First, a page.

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    I'd like to see data and scholarly articles on how/why Pecards hastens deterioration. I've looked for it. Leather deterioration is first a function of the leather itself and its tanning. Next is what it is used for and exposed to. After that, conservation. As Peter noted, properly tanned leather, properly conserved, can at least last hundreds of years because we have such leather that old.

    Guys do note that the article I posted was written by someone connected with the sale of Pecards.

  7. #7
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    Personally, I say preserve it and enjoy. If you want to hear differently, just look at some of the other forums and the threads on helmets and liners. There are those that flip overs backwards when you say a liner has been treated. The thought is, I guess is that the helmet or other leather items for that matter , is altered and not as collectable. I say BS!

  8. #8
    Senior Member Bob in OHIO's Avatar
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    Another consideration is your length of stewardship. If you have a collection for 5-30 yrs that really isn't a long time? I hope on my watch that I see no leather decline, and will just leave my leather untreated. Also, no water or high humidity or huge temperature swings are planned.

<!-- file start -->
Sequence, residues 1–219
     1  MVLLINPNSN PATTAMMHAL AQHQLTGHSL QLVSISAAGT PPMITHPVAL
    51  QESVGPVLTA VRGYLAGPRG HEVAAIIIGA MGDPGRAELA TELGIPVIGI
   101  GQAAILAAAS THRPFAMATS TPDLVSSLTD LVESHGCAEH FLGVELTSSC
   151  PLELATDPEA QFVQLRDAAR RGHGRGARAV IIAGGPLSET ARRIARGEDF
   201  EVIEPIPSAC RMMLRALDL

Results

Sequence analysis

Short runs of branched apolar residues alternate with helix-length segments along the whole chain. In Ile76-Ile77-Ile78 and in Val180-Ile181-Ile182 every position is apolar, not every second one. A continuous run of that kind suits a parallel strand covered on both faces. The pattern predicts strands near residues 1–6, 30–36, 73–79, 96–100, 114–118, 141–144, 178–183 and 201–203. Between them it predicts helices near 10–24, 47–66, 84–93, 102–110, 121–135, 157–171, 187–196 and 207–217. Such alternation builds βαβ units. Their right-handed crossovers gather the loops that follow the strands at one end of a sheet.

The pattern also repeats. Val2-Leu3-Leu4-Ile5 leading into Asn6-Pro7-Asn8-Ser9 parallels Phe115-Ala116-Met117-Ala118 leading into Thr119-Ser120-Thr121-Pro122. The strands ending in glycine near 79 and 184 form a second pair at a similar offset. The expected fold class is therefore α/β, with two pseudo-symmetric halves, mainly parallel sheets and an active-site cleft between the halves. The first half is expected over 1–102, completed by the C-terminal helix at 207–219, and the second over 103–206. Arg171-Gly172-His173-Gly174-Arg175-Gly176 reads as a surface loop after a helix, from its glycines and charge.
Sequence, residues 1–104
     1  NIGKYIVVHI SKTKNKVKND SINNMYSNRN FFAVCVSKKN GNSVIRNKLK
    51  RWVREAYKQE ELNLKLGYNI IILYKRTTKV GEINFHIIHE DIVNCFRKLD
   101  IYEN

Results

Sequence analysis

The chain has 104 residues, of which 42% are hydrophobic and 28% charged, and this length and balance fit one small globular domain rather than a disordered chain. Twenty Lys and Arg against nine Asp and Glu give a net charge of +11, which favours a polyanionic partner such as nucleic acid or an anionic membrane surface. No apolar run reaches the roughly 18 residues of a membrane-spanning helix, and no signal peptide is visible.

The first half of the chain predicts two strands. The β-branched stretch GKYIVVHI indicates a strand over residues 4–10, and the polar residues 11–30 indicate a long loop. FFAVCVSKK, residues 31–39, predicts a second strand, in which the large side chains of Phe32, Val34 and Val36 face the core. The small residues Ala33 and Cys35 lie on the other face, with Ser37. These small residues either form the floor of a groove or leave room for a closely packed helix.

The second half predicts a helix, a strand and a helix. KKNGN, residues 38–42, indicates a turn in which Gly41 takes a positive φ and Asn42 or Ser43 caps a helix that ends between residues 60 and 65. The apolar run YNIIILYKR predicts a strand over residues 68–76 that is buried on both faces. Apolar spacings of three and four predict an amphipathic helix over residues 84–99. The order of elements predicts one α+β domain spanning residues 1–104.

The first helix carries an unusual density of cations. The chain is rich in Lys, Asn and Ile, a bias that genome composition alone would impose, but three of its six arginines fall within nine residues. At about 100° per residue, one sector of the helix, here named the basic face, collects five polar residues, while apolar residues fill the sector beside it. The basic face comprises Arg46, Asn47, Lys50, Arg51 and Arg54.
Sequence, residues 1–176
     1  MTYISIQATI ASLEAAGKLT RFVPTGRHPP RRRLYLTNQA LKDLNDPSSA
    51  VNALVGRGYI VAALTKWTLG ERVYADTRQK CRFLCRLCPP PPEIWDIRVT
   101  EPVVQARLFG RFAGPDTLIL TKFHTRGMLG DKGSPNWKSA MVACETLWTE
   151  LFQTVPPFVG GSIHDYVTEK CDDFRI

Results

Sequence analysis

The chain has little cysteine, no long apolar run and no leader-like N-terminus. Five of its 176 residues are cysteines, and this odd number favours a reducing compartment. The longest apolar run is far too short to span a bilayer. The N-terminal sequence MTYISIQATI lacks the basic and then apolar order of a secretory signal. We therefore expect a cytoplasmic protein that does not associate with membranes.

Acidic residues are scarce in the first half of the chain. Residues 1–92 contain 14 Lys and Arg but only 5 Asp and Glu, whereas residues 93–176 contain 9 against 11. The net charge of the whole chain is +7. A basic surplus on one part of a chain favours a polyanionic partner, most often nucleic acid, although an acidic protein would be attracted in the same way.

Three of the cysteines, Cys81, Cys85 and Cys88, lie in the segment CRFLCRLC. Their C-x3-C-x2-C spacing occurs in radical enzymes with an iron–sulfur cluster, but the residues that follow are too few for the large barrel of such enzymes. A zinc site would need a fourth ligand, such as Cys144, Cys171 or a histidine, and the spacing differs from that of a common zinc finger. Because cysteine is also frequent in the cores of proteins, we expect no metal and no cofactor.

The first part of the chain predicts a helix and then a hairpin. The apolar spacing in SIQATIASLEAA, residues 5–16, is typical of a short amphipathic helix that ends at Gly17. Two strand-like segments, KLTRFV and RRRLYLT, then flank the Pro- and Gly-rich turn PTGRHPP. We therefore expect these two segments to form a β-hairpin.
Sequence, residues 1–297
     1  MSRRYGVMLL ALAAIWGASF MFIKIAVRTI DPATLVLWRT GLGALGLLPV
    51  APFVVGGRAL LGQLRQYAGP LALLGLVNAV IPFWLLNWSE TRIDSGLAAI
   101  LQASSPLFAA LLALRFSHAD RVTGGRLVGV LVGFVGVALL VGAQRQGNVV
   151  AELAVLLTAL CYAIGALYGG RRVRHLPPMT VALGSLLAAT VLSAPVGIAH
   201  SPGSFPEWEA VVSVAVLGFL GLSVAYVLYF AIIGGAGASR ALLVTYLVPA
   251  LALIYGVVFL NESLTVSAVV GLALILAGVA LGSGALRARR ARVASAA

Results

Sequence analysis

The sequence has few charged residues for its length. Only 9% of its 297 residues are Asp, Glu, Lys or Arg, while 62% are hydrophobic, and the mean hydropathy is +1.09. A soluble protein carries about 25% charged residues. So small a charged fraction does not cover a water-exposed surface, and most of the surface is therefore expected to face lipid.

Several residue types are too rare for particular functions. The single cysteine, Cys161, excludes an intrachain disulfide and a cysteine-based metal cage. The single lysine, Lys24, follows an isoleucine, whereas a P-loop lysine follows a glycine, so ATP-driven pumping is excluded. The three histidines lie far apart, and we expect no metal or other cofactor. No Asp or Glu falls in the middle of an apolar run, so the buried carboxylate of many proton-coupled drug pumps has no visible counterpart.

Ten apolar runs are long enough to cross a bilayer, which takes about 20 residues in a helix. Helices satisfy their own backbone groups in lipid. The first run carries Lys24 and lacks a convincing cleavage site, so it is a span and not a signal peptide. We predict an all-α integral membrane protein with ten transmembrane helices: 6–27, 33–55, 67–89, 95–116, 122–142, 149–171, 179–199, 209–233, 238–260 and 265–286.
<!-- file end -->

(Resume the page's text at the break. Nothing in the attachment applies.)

Seems like adding the wrong (any) "stuff" to leather ultimately may accelerate breakdown. My plan is to let the next steward of my stuff make the tough decision. Maybe then there will be more concensus....
    Last edited by Bob in OHIO; 02-09-2012 at 07:51 PM.

    email => K98@bobinohio.com

  9. #9
    Community Organizer Hambone's Avatar
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    If one suggests that antique leather should be left alone, untreated, one would cite The Museum of Florida History:
    http://www.museumoffloridahistory.co...aring/acs4.cfm

    Different view from holster collectors:
    http://www.lugerforum.com/holstercare.html
    Last edited by Hambone; 02-09-2012 at 11:01 PM.

  10. #10